Social Scientist. v 9, no. 100 (Nov 1980) p. 36.


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B T RANADIVE

The Intensified Crisis of the System

THE year that has passed since the assumption of power by Indira Gandhi and the Congress (I) has given nothing but uncertainty and instability to the country. Nothing seems to function and the malfunctioning system weighs heavily against the people whose anger grows every day.

Political protests, agitations, movements and strikes are the necessary accompaniments of the developing crisis. Its acute stage is represented by a general breakdown of the law and order, the violation of the rule of law with regard to the mass of millions of citizens who are normally not involved in political and economic movements. The silent multitude which generally pulls its weight in favour of the status quo now finds life uncertain and has to face tortures and humiliation at the hands of the anti-socials and the police, the latter often working in alliance with the former. It is sometimes difficult to discover where the one ends and the other begins.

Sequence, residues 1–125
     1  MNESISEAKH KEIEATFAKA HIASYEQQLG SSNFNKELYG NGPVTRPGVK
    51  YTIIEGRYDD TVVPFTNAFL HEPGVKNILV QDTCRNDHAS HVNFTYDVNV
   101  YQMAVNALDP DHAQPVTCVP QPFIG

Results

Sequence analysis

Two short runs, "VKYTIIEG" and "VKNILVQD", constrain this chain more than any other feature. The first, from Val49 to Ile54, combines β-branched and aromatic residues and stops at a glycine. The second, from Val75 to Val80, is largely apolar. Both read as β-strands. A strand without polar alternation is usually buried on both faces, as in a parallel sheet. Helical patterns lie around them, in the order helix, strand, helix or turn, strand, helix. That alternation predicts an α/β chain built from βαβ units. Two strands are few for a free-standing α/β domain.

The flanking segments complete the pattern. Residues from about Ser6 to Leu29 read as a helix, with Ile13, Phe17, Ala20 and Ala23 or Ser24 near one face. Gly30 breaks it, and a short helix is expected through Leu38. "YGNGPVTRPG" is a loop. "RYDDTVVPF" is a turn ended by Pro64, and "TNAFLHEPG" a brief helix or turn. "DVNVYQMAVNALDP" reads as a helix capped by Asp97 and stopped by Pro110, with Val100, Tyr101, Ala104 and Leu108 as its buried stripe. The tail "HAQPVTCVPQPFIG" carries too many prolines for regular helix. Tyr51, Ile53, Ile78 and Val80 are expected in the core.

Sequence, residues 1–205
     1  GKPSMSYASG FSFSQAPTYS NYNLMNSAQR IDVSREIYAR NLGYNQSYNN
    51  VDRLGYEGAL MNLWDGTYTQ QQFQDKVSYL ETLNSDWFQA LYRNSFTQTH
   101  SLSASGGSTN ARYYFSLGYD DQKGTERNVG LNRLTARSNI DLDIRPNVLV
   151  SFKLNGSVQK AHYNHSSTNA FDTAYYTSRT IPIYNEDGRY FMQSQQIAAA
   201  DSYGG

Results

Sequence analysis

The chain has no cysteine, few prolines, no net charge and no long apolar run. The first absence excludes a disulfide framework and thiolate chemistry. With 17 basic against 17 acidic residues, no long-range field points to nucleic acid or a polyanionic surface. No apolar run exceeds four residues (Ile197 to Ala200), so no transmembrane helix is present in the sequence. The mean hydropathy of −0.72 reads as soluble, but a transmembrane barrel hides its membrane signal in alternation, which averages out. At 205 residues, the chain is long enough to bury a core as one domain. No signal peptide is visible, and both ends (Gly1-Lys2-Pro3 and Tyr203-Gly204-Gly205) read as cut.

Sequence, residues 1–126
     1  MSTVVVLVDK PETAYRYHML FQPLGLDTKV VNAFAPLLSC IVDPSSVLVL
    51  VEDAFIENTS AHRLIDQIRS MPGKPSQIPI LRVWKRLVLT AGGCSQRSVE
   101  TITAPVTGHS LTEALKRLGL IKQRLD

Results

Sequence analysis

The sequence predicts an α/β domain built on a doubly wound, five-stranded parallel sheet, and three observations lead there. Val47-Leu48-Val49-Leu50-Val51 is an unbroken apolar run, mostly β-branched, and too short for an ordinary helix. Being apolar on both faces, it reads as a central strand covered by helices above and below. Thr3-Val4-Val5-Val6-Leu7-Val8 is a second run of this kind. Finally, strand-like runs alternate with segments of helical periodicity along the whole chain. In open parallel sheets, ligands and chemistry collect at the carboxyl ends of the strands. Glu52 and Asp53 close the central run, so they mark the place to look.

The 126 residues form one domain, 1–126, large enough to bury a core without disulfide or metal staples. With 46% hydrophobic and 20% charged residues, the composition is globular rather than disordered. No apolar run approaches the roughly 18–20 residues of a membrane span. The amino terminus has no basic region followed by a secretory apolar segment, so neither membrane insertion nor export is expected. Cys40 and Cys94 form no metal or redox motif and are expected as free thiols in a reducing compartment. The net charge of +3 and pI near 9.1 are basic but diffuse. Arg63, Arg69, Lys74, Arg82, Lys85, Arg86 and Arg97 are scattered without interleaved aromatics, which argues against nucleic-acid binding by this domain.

The looting of trains, the dacoities in the capital city of Delhi, the holdups at night in the capital and many other state capitals and other cities, the chain snatching, the kidnapping and rape of women by gangsters and at police stations, the lack of security and safety for women outside and inside the police



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